Am I the only person feeling guilty about going out?

But for me, camped in my parents’ house; running errands for them, hunkering down with work and abiding by the rules like the good little swot I am; it filled me with an unexpected sense of righteousness, of doing the right thing, following orders, staying safe, caring for others.

I hadn’t felt that way since I was a kid, who did all her homework and rather enjoyed it, who never broke a single school rule. It was a nostalgic return to this childhood, before teenage life yawned open and brought with it white lies and broken rules, sneaky drinking, parties and the beginnings of doing all the things we shouldn’t.

Lockdown was many things for many different people. Some swanned off to rural idylls and had a rather marvellous time of it (negronis on the patio anyone?) Others struggled, financially, mentally or both.

This we know. No isolation was created equal. 2020 – no matter your circumstance – has not exactly been fun.

I had thought I wasn’t smusgolating; but in a way I have been. All through lockdown I’ve unwittingly been feeling smug about my reduced spending, my renewed focus on work and projects both personal and professional, my weeknights spent curled up with a book instead of traipsing around Soho after too many picantes.

There is something smug about playing by the rules, of raising your eyes in condemnation at the quarantine breakers and the Cummings scandal, knowing that you get a gold star in lockdown, that you’re top of the class of Covid19.

It dragged me back to my inner nerd: the girl who never misses a deadline, never steps out of line. I had quite forgotten her – it’s been so long since we met.

Acknowledging my accidental smugsolating has been a belated thought process, however. Because I only realised I was actively enjoying the virtuousness of staying home and staying safe once I started to do the opposite.

My first party was both glorious and terrifying. I anti-bacced my hands so many times during the night that everything – from my cocktail to my dinner – tasted of detergent. My first pub was exhilarating but nerve-wracking. My first bar was heady and filled with a lead weight in the pit of my stomach. My first hug with someone outside my quaranteam was such a rush of emotions that I burst into tears.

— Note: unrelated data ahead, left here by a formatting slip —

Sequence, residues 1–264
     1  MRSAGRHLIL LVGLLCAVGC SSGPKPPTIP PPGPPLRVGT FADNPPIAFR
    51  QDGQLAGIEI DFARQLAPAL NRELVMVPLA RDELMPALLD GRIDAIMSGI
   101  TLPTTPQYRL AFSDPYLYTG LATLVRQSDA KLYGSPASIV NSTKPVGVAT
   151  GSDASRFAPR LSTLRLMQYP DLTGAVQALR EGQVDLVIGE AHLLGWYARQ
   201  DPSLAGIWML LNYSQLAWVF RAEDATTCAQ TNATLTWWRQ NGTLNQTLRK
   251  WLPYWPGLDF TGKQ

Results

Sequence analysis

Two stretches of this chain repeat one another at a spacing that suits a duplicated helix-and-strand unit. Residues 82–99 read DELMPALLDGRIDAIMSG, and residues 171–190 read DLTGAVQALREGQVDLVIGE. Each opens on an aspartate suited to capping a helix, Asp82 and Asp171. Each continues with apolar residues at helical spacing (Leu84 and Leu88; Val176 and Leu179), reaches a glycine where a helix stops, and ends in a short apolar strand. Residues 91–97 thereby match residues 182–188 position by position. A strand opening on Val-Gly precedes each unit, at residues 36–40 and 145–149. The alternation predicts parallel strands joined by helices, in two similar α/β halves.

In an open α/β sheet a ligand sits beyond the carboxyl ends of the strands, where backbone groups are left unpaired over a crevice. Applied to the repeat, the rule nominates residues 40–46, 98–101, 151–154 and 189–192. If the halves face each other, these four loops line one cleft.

Was I happy, scared, sad, terrified? All of it.

Post-lockdown life has been an emotional minefield for so many of us. We’ve tripped and tangled ourselves up in the muddy maelstrom of mixed-messages to have been spewed out from Westminster over the last few months. Nothing has made sense; from what can and can’t open, to where we should and shouldn’t wear a face mask, to if we can travel at all.

Should we eat out to help out, or stay home to be safe? Should we bring back the travel economy, or view all holidays as an inherent risk? Is it – in actual fact – safe at all to be going back to normal life?

As someone who realised she got a lot of bizarre, nostalgic pleasure from playing by the rules, it’s hard to know which rules to follow now; or if, actually, we’re on our own now. We need to follow our own rules.

All I know is that everything that previously made my life joyous; bars, parties, travel, hugs, restaurants, lazy afternoons and all-night parties with friends, all now feel illicit. Going back to my life feels somehow wrong. It feels like breaking the rules. I have lost my lockdown virtue and now I feel like the naughtiest kid in school. Everything I’m doing, it all feels like I’m about to get caught, about to get slammed into detention.

Maybe it’s because we know we’re all just kidding ourselves, that this is just a brief respite before a second wave. Perhaps we know that, in reality, we probably shouldn’t be doing any of this, no matter how much the government wants to save the economy.

Or maybe it’s the awful realisation that life is going to be this way for a while yet, and that the nostalgia I’m clinging to – is not actually the virtue of lockdown at all – but the freedom of my life before it.

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